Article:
Coptic Orthodox Diocese of the Southern United States

God the Dispenser of Talents, Gifts or Both

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"Many, O Lord my God, are your wonderful works which you have done; and Your thoughts toward us cannot be recounted to you in order... " (Psalm 40:5).

Out of all the creatures that God has created, man is the most favored by Him. God has created man in His own image and bestowed on him various natural abilities, skills and talents. These talents were to be used for the benefit and enjoyment of mankind. There are many narrations in both the New and Old Testaments of how people had used their talents. God, having given Adam the linguistic talent, allowed him to enjoy using it by letting him name all the animals in the Garden. Noah, under the instructions of God, put into effect the architectural talent in building the Arch. David the psalmist used his musical talent and sang the psalms that he had composed and that were inspired by the Holy Spirit. St. Paul, in the New Testament, was skilled in weaving tents. He used his talent to provide for himself and those who were with him by selling the tents that he used to weave. Talents are therefore, natural, free capabilities essential for mankind in order to enrich and diversify his life.

However, God, in His absolute love for mankind, even after Adam had sinned against Him, had a better plan for him. The Creator wanted to take the created a step further, from the circumstantial to the non circumstantial, from the limited to the unlimited and from the earthly to the heavenly. This was manifested in the bestowal of what is even better than natural talents; the gifts of the Holy Spirit.

After the Lord Jesus Christ had bought us back to the Father through His death on the Cross, Resurrection and Ascension, He sent the promised Holy Spirit and all the gifts and power that this Holy Spirit could grant. Immediately the first difference between natural talents and the gifts of the Holy Spirit becomes clear. While the former is innate, natural, and perhaps environmentally and hereditarily affected, the latter is not subject to earthly considerations but is totally spiritual in nature and essence; and while free, yet has to be earned. In essence, the gifts of the Holy Spirit supersede natural talents in quality and function.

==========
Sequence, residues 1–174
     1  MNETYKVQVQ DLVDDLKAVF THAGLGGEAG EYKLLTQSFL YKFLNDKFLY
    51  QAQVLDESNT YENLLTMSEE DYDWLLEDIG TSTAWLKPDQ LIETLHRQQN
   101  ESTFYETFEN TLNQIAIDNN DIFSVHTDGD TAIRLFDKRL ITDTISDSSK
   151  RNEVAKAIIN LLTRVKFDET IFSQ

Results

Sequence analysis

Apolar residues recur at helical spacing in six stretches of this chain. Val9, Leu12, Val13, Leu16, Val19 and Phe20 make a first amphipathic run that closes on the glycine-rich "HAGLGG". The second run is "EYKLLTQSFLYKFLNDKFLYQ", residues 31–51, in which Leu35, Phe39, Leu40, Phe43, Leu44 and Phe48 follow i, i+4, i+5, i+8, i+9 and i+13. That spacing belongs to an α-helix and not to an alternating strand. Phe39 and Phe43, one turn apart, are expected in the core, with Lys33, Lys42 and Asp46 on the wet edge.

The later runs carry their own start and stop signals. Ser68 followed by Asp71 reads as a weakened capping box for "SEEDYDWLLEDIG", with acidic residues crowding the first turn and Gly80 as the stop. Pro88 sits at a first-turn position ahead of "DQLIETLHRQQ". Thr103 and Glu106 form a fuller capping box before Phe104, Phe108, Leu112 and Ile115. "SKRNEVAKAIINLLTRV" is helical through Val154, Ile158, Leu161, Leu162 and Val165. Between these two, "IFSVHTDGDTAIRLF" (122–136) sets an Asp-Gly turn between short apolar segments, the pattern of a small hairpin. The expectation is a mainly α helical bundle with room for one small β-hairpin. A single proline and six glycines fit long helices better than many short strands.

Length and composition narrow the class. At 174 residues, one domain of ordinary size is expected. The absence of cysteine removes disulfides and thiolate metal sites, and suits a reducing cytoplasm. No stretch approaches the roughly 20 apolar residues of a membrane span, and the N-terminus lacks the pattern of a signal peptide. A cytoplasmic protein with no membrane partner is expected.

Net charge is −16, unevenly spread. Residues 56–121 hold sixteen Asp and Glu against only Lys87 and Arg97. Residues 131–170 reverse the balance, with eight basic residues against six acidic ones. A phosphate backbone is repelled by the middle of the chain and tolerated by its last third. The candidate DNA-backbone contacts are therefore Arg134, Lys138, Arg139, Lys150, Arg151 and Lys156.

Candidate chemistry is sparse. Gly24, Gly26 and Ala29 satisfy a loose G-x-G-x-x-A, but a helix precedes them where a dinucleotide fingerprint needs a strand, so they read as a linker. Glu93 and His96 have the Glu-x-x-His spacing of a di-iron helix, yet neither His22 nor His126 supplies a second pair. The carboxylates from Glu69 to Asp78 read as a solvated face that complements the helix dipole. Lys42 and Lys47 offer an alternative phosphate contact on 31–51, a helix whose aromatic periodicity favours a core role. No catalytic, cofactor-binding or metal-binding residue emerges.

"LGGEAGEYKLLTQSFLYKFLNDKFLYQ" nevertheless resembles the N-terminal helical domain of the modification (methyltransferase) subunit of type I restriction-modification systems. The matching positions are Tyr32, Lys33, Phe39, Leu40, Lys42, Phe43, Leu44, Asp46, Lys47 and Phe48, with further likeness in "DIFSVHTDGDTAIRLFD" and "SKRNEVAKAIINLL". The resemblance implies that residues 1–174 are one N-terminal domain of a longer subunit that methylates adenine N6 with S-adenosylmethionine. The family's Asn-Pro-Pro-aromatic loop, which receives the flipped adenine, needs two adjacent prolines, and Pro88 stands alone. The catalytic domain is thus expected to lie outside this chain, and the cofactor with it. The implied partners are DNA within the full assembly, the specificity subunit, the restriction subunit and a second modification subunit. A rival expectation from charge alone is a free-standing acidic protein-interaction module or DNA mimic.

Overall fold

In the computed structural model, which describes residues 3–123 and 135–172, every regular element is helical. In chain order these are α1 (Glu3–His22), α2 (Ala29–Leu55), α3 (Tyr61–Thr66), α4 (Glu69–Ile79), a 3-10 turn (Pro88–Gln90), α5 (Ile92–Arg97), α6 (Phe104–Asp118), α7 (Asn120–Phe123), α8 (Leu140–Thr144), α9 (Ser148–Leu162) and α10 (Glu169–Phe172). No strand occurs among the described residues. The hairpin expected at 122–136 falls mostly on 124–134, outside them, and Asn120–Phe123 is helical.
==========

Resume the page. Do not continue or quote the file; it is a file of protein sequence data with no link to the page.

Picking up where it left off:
The Holy Spirit distributes to each one of us at least one, if not more, than one gift. Romans 12, 1 Corinthian 12, Ephesians 4, and 1 Peter 4 give a summary of those gifts. The purpose of the gifts granted by the Holy Spirit is mainly the edification of the body of Christ. This edification implies supporting one another, with words and deeds to the measure that pleases the heart of God and kindles the work and fruit of the Holy Spirit in the hearts and lives of the believers. That is why the essence of those gifts resides in their mutual indispensability and interdependence to the extent that if any of these two conditions are violated, the result is grieving to the Granter.

It is not for us to know how the gifts are distributed, nor is it for us to decide upon the number of gifts God is to bestow on each member in the body of Christ. Our Lord Jesus Christ Himself has confirmed that in His conversation with Nicodemus who came to him in quest for more than what he already knew in terms of the Law The wind blows where it wishes, and you hear the sound of it, but cannot tell where it comes from and where it goes. So is everyone who is born of the Spirit (John 3:8). That is why no one is in a position to boast once they find out about the gifts granted to them that no flesh should glory in His presence (1 Corinthians 1:29).